So when Otto is making his case for objective truth and for the field-leveling, democratizing power of knowledge, I’m right there with him. And I believe he does make that case powerfully and persuasively. I appreciate the historical perspective he provides both to demonstrate how sharing knowledge has made societies more egalitarian over time, and to trace the threads which lead to our current circumstances of deep doubt of science and knowledge by some. Intentionally or not, I think he even makes a solid case for why US citizens in the late 20th century should be more skeptical and less idealistic about science and should question how and when it is researched and applied. Vulnerable individuals and populations have been exploited for experimentation, technologies have been widely used without fully understanding the consequences, and authority is invoked to squash dissent. Overall, Otto constructs a fairly thorough narrative of how we arrived at the current state of public engagement with science. Sometimes I think he overreaches in trying to tie all of the threads into a single narrative–for example, I don’t think postmodern philosophy influences fundamentalist Christian thinking as much as Otto suggests, given that fundamentalist Christians are at least as wary of postmodernism as Otto, if not more so–but that is always a risk when crafting narratives.

Where I found the book disappointing was its commitment to the warfare metaphor. Granted, that is more of a case of me wanting the book to be something it is not trying to be rather than the book failing in its goals. That a book titled The War on Science finishes with calls to arms literally named “Battle Plans” should not come as a surprise, and also answers my opening question of this series about the intended audience. This is a book to whip up the morale of the foot soldiers and coordinate the strategies of the officers on the science side of the war. An army thus equipped is sent forth to win a victory for their side, not negotiate a peace among all parties. But this is an odd war, because everyone involved has a choice about what side they are on. You don’t have to defeat anyone, you could invite them to share your point of view.

Towards the end of the book Otto makes the case for climate and the planet being a limited shared resource subject to the tragedy of the commons. I would suggest that the public sentiment of US citizens, a topic Otto discusses several times, is also a limited shared resource which much be managed carefully. Based on reviews, the sentiment among the scientific community about this book is generally positive, and why shouldn’t it be given how it much it flatters scientists. But very little in the book seems designed to engender positive sentiment from anyone already skeptical of science for philosophical, ideological, or financial reasons. Any single book is unlikely to make much of a difference in public sentiment in any direction, but the cumulative effective of books like this, which demonstrate little understanding of communities it talks about (as opposed to the communities it talks to), is to further entrench sentiment against science among those already leaning that way.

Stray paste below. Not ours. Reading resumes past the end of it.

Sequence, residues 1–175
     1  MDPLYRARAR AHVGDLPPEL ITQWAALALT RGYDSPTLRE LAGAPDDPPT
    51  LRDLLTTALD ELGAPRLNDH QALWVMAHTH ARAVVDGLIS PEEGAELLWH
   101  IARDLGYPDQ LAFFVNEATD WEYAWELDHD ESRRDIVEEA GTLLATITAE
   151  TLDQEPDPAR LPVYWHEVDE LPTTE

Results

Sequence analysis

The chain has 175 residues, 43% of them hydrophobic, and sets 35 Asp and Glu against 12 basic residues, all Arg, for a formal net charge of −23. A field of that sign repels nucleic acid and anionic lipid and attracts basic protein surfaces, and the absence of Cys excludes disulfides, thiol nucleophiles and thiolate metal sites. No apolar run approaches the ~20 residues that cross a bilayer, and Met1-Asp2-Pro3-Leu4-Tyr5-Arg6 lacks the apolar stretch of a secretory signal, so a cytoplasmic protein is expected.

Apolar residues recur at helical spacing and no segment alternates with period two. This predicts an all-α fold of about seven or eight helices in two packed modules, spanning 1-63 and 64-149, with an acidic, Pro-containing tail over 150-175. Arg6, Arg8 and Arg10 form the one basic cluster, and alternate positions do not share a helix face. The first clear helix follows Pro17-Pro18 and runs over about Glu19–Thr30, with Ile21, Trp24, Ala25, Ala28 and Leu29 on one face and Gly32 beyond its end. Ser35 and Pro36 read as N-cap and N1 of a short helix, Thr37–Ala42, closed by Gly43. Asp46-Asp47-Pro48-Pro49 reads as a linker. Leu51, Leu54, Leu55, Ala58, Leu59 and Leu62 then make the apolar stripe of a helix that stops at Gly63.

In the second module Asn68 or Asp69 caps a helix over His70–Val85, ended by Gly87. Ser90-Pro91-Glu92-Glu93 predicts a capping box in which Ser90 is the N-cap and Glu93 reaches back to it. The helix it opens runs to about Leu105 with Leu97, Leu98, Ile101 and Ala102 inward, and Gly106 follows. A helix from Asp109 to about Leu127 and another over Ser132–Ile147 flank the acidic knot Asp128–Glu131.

Discussion

  • In the language of economics, from whence comes the tragedy of the commons, deepening the divide between science and its detractors is an externality, or an external cost which the producer (Otto and his publisher) does not have to bear. Do you think it is possible to create an economic model where polarizing authors have to assume more of the costs their writing incurs? What would such a system look like?
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Andy Walsh

Andy has worn many hats in his life. He knows this is a dreadfully clichéd notion, but since it is also literally true he uses it anyway. Among his current metaphorical hats: husband of one wife, father of two elementary school students, reader of science fiction and science fact, enthusiast of contemporary symphonic music, and chief science officer. Previous metaphorical hats include: comp bio postdoc, molecular biology grad student, InterVarsity chapter president (that one came with a literal hat), music store clerk, house painter, and mosquito trapper. Among his more unique literal hats: British bobby, captain's hats (of varying levels of authenticity) of several specific vessels, a deerstalker from 221B Baker St, and a railroad engineer's cap. His monthly Science in Review is drawn from his weekly Science Corner posts -- Wednesdays, 8am (Eastern) on the Emerging Scholars Network Blog.